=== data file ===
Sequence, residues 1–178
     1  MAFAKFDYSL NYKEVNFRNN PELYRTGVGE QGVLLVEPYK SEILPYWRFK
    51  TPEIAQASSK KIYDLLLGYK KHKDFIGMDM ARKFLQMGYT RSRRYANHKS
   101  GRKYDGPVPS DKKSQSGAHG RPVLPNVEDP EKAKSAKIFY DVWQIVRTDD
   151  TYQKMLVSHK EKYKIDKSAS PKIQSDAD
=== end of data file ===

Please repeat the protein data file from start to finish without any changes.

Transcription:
Sequence, residues 1–178
     1  MAFAKFDYSL NYKEVNFRNN PELYRTGVGE QGVLLVEPYK SEILPYWRFK
    51  TPEIAQASSK KIYDLLLGYK KHKDFIGMDM ARKFLQMGYT RSRRYANHKS
   101  GRKYDGPVPS DKKSQSGAHG RPVLPNVEDP EKAKSAKIFY DVWQIVRTDD
   151  TYQKMLVSHK EKYKIDKSAS PKIQSDAD